In social science research, results are said to be significant if they meet the p < .05 level of statistical significance. This entails a statistical burden of proof requiring researchers to be 95 percent confident that their findings are not due to chance before claiming to have found a significant result. A 5 percent margin of error is allowed. The presumption is that no claim of a relationship between variables can be made unless it can be demonstrated with 95 percent or greater confidence.
Shifting Burdens: I’ve Got Nothing to Prove
Although people advancing a claim are often expected to assume the burden of proof, there are cases where the burden might be shifted the other way round. A boss, for instance, may tell a subordinate, “Boswell, we’re downsizing! Give me one good reason why I shouldn’t fire you.” The boss has shifted the burden of proof to Boswell, but the employee would be well-advised to come up with two or three reasons why he is essential to the company’s operation.
As another example, not all nations adhere to the doctrine of presumed innocence. In many places across the globe, a prisoner is presumed guilty and subject to incarceration until proven innocent at trial. Of course, it is tough to prove one’s innocence while behind bars. At present, roughly 3.3 million people are being held in detention worldwide (Open Societies Foundation, 2014, p. 1). Many are innocent and are eventually acquitted at trial (Open Societies Foundation, 2014, p. 11). Many others languish in jail for years before getting their day in court.
The burden of proof may also depend on the urgency of the situation. In an emergency room, for example, there might not be time to argue. Instead, quick, decisive action might be needed to save a patient’s life. The same might apply in a disaster, where quick thinking rather than slow deliberation is required.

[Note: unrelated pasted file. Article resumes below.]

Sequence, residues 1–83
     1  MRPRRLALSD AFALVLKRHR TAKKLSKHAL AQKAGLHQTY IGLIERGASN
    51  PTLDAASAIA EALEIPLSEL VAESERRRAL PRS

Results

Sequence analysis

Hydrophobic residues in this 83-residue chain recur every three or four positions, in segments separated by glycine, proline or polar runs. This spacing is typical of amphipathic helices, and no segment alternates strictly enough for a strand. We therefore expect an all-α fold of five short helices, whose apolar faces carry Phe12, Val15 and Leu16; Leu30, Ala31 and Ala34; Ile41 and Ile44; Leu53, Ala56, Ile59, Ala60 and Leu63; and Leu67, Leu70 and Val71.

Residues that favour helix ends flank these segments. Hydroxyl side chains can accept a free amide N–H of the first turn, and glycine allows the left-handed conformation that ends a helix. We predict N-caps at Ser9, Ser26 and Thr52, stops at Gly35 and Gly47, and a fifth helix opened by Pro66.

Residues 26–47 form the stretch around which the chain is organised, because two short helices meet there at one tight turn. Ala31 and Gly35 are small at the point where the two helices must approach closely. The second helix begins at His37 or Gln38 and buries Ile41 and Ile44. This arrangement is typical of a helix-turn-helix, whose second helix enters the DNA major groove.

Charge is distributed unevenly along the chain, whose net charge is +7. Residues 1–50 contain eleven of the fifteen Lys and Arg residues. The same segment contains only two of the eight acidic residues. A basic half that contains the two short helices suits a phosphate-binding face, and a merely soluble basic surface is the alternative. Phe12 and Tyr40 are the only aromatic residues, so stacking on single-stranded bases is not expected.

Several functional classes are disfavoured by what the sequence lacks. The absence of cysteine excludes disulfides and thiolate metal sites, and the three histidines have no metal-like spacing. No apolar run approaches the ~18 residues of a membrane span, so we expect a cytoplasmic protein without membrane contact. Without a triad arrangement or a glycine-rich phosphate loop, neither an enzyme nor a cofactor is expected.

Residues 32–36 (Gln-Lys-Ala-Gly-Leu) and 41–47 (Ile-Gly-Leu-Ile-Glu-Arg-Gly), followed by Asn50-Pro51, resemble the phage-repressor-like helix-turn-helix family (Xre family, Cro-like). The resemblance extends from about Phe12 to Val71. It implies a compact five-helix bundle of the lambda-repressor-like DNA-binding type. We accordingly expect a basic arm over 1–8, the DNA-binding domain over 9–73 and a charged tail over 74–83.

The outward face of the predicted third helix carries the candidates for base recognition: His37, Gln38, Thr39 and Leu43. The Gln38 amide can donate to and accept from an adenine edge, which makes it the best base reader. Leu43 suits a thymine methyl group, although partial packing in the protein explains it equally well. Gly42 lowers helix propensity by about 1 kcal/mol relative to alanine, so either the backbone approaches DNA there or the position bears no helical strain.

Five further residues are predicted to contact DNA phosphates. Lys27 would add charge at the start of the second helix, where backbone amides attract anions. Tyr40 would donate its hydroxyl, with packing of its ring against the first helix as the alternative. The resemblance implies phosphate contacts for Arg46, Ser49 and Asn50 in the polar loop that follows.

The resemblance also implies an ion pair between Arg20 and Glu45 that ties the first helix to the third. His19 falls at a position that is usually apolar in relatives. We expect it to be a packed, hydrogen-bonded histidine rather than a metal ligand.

Misplaced Burdens: Prove Me Wrong
Sometimes arguers try to shirk their burden of proof. Suppose your neighbor, Vlad, said “Your dog dug up my roses.” When you ask “How do you know?” Vlad replies, “Gut instinct.” In this case, you might reasonably question whether a mere hunch was sufficient to support the allegation. But what if, instead, Vlad replies, “How do you know your mutt didn’t dig up my roses?” Notice that he is attempting to reverse the burden of proof by asserting that you must prove his argument false. This particular fallacy, which was discussed in Chapter 9, is known as an appeal to ignorance (or, in Latin, argumentunt ad ignorantium). Specifically, by asserting that something is true because it hasn’t been proven false, Vlad is evading his burden of proof. If you’re like most people, you have a fairly good sense of when someone has shifted the burden of proof illicitly (Ricco, 2011). In this case, you’d have every right to tell Vlad, “You’re the one making the accusation. I’m willing to make amends, but I’m going to need to see some proof first.”